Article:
Before Law and Order: Criminal Intent moved from NBC to USA Network in 2007, I had written off the variation, choosing instead Law and Order: Special Victim’s Unit as my version of choice. I took notice of Criminal Intent as it shifted to cable, interested in seeing if it would change at all to fit the USA Network original programming brand. With the abundance of Law and Order: CI reruns that still pervade cable’s daytime schedules, it was (and still is) surprisingly easy to get sucked into Groren and Eames’s investigations. However, as Criminal Intent prepares to return to USA for its tenth and final season this Sunday with the ballyhooed return of the original detective partnership of Goren and Eames, I find myself drawn to the show as an outlier of the Law and Order franchise. It’s more “Law” than “Order,” going so far as to strike the lone Assistant District Attorney character after the fifth season to focus solely on the investigations and the (alternating) detective teams. The removal of the courtroom element imbues the detectives with an almost preternatural ability to get confessions from their suspects, aligning the lead detectives, particularly Det. Bobby Goren, with exceptional (male) investigator brethren like Columbo, Sherlock Holmes, or Adrian Monk.
Columbo informs Law and Order: Criminal Intent‘s format and characterization. The initial “twist” on the Law and Order formula that Criminal Intent advertised was the focus on the criminal in the opening scenes. Early episodes hewed closer to the inverted detective story that Columbo popularized on television, some going as far as showing the criminal committing the murder, providing all the information the viewer needed to establish dramatic irony (see: season one, episode five, “Jones”). The format connection between Columbo and Criminal Intent is “common knowledge” enough to be present in LO:CI‘s IMDb trivia page. Most later episodes show only a few scenes establishing the victim and general circumstances of the murder, keeping the culprit hidden to maintain the tension of a “whodunit” narrative.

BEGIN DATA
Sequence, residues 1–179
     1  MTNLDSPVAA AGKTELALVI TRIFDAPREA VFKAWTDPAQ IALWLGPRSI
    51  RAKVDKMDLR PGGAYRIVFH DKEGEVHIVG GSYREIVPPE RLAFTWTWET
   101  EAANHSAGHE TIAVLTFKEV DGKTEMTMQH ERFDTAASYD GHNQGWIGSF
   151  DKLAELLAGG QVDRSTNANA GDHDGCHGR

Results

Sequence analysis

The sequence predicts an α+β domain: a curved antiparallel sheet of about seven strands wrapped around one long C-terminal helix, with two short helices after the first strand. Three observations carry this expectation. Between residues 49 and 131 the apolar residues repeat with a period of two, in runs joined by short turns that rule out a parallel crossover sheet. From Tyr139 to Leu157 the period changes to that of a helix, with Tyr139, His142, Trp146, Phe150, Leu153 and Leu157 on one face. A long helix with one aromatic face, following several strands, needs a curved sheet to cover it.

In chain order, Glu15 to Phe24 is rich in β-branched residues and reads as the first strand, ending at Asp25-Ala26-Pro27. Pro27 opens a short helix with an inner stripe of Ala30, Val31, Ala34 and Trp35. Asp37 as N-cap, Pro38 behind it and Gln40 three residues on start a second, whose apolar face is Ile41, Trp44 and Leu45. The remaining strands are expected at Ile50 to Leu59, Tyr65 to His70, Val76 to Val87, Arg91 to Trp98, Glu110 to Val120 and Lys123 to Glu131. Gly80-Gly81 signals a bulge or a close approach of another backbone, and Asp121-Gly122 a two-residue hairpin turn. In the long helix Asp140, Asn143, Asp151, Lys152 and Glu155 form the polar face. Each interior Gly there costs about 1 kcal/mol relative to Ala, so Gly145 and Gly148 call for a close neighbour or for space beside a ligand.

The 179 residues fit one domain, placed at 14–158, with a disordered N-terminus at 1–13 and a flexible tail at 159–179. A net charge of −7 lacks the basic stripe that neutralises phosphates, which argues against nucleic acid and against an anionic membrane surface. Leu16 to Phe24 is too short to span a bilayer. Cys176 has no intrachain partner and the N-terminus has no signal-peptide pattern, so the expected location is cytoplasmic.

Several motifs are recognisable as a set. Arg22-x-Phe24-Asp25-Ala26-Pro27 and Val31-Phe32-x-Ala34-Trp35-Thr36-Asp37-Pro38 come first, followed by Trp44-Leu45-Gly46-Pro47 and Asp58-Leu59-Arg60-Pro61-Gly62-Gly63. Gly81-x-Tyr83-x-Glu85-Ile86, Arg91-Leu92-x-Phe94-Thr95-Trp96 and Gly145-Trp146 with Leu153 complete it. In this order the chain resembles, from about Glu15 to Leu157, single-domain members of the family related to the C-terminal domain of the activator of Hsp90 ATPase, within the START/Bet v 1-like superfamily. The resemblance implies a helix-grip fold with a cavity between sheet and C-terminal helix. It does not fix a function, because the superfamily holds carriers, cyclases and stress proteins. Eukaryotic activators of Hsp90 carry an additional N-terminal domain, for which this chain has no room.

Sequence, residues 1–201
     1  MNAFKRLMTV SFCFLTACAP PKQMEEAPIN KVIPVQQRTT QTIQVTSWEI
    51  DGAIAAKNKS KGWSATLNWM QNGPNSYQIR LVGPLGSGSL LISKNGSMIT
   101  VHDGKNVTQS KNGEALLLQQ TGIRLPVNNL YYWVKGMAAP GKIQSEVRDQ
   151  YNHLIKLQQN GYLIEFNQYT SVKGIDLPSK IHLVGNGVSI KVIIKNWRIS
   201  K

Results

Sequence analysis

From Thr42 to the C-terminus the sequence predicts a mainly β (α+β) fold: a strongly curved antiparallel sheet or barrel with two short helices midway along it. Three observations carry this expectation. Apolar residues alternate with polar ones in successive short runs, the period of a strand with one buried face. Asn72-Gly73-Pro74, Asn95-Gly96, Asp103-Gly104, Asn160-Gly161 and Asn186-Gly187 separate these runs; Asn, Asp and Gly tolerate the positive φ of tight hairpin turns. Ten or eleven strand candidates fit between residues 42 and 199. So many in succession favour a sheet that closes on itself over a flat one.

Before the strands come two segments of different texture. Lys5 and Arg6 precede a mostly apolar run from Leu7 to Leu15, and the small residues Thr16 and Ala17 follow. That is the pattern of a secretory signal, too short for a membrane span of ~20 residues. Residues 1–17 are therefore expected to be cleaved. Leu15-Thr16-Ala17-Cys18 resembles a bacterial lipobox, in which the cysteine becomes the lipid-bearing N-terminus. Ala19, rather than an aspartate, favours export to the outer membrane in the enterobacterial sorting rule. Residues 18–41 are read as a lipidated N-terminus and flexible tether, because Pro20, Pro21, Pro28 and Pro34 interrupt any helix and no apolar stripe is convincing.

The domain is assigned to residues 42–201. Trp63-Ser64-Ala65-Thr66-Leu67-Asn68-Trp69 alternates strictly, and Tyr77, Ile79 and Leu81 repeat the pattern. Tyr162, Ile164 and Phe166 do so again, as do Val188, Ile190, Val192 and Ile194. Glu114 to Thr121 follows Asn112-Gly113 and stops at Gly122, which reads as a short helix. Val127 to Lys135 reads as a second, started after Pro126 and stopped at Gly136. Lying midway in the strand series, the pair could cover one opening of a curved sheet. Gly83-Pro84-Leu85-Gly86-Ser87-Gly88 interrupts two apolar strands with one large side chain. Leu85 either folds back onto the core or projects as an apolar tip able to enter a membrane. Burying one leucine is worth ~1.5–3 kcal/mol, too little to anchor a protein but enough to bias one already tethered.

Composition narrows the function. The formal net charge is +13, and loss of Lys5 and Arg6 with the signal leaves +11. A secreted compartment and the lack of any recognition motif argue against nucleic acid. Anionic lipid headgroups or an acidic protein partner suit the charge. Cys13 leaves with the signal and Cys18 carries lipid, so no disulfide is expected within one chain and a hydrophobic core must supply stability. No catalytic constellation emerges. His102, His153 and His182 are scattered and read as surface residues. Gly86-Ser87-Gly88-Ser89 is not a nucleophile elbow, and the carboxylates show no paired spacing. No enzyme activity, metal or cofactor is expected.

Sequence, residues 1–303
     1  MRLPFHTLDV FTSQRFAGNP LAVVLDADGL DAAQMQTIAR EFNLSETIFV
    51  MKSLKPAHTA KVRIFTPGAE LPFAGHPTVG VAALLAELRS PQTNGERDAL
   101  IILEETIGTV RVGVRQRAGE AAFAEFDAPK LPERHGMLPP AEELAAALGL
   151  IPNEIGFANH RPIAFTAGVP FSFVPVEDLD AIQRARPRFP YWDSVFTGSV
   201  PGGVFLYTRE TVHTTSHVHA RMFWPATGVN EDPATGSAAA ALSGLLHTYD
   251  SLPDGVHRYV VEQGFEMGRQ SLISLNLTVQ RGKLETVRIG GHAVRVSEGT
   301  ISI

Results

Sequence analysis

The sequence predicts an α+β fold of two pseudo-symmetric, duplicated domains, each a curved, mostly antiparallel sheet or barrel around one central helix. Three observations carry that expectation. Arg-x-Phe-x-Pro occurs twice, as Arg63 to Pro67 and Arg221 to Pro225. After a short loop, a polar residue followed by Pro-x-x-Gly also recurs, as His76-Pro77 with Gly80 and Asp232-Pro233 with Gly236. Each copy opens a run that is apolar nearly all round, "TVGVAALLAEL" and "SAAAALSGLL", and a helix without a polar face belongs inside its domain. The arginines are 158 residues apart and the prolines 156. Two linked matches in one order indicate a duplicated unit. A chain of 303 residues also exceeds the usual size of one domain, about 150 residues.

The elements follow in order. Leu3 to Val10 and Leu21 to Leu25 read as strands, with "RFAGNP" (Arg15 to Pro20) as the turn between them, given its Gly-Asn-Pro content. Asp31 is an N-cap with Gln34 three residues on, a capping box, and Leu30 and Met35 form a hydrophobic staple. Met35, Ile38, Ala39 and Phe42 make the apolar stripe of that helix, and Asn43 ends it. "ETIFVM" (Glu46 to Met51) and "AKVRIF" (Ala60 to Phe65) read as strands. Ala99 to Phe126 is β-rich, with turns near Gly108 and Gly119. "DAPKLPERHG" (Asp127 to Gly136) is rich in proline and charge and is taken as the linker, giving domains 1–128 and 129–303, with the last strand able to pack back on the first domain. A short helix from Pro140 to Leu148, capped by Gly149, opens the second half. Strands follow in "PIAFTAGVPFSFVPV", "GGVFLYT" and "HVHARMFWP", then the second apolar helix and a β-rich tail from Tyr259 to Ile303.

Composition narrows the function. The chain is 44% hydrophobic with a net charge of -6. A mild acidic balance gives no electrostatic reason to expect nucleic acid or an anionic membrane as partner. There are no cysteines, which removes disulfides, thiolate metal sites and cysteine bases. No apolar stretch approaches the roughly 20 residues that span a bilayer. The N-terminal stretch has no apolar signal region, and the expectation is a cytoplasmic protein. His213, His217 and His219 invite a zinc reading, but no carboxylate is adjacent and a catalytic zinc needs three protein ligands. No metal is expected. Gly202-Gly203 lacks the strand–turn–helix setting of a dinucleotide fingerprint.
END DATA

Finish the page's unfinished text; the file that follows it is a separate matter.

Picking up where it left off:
A byproduct of this later obfuscation of the murderer is that the skills of the investigating detectives appear heightened, making deductive and inductive leaps based solely on their skills and the information shared by viewer and detective. This appears most often and explicitly regarding Det. Goren, a character who others repeatedly discuss as a genius. Jeff Goldblum’s Det. Nichols similarly gained the mantle of “genius” during his tenure as a CI lead detective but less emphatically than Goren and more as code for “successful eccentric.” The other alternating lead detective, Logan, was an import from the original Law and Order series and was characterized more as a stubborn but street-smart bruiser. Goren’s shadow fell over both detectives because of his “genius” and ability to wrench confessions from his suspects. Goren’s cerebral approach to detective work and D’Onofrio‘s performance of his awkward and lean-prone physicality also recall Columbo, particularly Peter Falk‘s portrayal of the eponymous detective as bumbling and physically askance. (Goran’s proclivity for leaning has even garnered a fan-made music video montage to “Lean Back.”) Goren even occasionally drops the famous “Just one more thing . . .” Columbo catchphrase when questioning his suspects.
I have thus far only discussed the male detectives; this is because only the male detectives are positioned as the lead detectives (and thus lead characters) on Criminal Intent. Though the characterization of the female detectives is strong–particularly with Eames’s multidimensionality–they are almost always primarily characterized in relation to their male partners. Logan, Nichols, and Goren often take the active role in the investigation with their female partner forced into a reactive role. Gender dynamics in the Law and Order franchise is deserving of much more attention than I can give here. I point out this focus on male lead detectives and their exceptional skills to highlight the perhaps closer connection Criminal Intent has with that mode of detective storytelling than the bi-valent Law and Order formula. Goren’s antecedents include Sherlock Holmes, Columbo, and Adrian Monk. I have argued previously that this exceptional individual take on Law and Order helps Criminal Intent fit with USA Network’s brand, a brand based explicitly on characters and heavily influenced by Monk‘s success. None of these detectives face the scrutiny of the courts within their narratives; their confessions only have to imply that they would lead to legal conviction. This format allows for the detectives to be exceptional without facing the realism of paperwork, technicalities, and courtroom arguments.
Though Law and Order: Special Victims Unit also focuses on the detectives, their partnerships are part of a team unit that also includes a clear connection to the legal system though their prominent ADA characters. Criminal Intent has been allowed to be an outlier to the formula–doing away with “Order” and focusing on an exceptional individual male detective– in part because it has been a network-outlier since its 2007 move from NBC and actually fits nicely into USA Network’s brand identity.